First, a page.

Costa Rica is a retiree's paradise If you…
Let’s be Clear
Jobs in Costa Rica for expats are not abundant. It can be difficult to find legal work as an expat. Expats in Costa Rica are unable to obtain work permits for positions that can only be filled by Costa Rican citizens or permanent residents due to immigration laws. Above all, these laws protect nationals from losing out on work opportunities to non-resident expats.
Are there any exceptions? Yes. If no qualified nationals or permanent residents are found for a highly-skilled position, an employer may hire a qualified expat. This fills a gap in the market by allowing the employer to apply for the expat’s work permit. The work permit is usually valid for one year and renewable for the length of the employment.
From time to time, the Ministry of Labor (Ministerio de Trabajo – MTSS) provides a list of professional and skilled labor job openings to the immigration department in order for them to update their qualifications for work permits.
Alternatives to Jobs in Costa Rica for Expats
Expats will have a difficult time finding job in Costa Rica unless they first secure legal status with no work limitations. Permanent residency, temporary residency, as the spouse of a Costa Rican citizen, and citizenship are all examples of this.
However, if you choose to get residency in Costa Rica as a Rentista, Investor or Pensionado (retired), you can own a business and you can earn an income from its profits, but you cannot work as an employee in the business that you own. Your activity in the business is limited to high-level management. You’ll need to hire Costa Rican citizens or residents without restrictions to perform all the work.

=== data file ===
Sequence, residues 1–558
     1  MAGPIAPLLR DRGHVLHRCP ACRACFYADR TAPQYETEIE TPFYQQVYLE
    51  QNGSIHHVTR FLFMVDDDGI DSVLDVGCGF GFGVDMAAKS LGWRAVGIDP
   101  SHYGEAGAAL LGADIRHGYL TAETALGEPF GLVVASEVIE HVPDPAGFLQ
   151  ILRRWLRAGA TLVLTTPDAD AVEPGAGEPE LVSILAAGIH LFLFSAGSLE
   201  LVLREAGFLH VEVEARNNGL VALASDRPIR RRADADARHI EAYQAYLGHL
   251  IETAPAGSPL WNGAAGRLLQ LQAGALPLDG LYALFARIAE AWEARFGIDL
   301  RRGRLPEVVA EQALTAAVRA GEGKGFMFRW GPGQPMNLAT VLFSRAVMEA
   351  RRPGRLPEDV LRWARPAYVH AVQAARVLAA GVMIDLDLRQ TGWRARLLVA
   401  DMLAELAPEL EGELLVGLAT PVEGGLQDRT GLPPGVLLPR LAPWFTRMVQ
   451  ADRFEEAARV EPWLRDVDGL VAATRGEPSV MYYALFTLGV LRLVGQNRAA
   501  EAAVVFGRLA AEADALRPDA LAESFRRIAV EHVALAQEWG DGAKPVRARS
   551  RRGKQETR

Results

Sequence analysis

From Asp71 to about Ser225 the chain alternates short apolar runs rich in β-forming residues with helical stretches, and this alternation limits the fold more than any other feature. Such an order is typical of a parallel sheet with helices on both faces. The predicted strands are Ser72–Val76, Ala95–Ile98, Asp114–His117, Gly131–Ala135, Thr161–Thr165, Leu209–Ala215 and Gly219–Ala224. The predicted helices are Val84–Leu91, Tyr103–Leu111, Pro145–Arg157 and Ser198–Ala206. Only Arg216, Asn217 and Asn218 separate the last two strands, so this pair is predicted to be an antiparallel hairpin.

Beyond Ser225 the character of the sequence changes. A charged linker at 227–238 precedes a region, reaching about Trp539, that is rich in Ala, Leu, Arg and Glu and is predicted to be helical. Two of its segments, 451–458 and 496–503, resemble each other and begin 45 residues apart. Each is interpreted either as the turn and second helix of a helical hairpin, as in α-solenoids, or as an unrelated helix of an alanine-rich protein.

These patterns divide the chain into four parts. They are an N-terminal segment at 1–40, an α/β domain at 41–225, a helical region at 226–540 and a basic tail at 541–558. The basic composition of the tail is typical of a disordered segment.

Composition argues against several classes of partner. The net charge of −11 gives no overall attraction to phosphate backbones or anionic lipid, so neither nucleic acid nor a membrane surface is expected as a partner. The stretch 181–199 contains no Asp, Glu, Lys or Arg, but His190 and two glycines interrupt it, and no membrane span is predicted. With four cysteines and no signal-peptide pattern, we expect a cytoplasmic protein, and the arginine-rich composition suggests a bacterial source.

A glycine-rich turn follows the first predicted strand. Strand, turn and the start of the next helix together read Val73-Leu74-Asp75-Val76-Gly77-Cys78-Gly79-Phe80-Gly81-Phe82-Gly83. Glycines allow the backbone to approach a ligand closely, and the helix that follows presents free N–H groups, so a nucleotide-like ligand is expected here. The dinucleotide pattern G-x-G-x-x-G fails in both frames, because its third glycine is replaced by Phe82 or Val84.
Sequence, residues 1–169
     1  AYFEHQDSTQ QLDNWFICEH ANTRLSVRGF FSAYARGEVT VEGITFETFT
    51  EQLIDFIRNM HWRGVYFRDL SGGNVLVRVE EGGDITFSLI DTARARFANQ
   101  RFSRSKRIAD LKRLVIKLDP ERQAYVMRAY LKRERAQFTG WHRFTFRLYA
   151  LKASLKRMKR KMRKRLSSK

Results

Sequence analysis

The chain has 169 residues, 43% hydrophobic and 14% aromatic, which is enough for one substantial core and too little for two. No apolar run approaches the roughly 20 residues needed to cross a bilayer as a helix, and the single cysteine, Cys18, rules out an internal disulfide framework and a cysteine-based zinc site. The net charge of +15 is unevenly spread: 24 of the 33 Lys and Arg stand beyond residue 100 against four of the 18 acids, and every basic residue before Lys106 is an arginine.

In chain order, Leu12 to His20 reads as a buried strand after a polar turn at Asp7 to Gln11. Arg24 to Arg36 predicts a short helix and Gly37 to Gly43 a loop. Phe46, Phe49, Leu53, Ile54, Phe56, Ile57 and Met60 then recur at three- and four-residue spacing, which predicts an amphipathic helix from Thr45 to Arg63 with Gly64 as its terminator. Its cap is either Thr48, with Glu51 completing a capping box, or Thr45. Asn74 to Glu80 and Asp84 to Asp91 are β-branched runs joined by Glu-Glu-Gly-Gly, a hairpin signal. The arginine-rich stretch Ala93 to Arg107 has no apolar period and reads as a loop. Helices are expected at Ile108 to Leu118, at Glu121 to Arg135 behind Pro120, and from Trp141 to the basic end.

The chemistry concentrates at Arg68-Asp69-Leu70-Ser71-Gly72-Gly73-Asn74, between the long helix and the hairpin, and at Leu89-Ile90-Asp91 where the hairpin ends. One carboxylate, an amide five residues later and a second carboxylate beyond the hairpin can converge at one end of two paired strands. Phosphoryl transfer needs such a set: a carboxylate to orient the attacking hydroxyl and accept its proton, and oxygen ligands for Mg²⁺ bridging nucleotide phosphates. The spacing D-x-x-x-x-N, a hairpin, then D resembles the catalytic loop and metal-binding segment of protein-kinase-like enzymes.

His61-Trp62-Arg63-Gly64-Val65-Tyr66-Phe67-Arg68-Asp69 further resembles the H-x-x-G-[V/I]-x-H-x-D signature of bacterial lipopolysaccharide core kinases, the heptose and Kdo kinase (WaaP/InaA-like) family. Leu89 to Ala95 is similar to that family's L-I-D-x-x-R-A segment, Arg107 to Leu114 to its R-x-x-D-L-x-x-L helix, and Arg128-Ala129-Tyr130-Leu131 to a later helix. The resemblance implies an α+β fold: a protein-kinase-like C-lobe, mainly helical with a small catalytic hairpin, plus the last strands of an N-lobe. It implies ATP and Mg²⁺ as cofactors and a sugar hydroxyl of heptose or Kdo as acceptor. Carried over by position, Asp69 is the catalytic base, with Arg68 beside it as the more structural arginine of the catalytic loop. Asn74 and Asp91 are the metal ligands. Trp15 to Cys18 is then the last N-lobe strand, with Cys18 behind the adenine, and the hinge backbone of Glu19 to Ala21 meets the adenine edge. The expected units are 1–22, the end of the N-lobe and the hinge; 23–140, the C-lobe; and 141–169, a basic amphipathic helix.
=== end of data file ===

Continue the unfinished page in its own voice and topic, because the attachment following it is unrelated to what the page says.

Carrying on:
Salaries in Costa Rica
Costa Rican wages are a fraction of what they are in North America or Europe. The pay is about a quarter of what you’d get in Canada or the United States, and up to about half if you’re from Europe. The Ministry of Labor provides a list of minimum wages for a variety of job types based on qualifications.
Can I Legally Work Remotely as a Non-Resident?
Many people work remotely from Costa Rica for employers or companies based outside the country. There is new category for digital nomads coming soon (perfect for those who work on computers and make money outside of Costa Rica).
The legality of such behavior is debatable. The immigration department, on the other hand, does not focus on enforcement as long as the income comes from outside Costa Rica. This could include IT consulting, web design, translation, and sales/telemarketing, among other things.
If you are a non-resident expat, regardless of how you make a living in Costa Rica, we strongly advise you to apply for and obtain legal residency.
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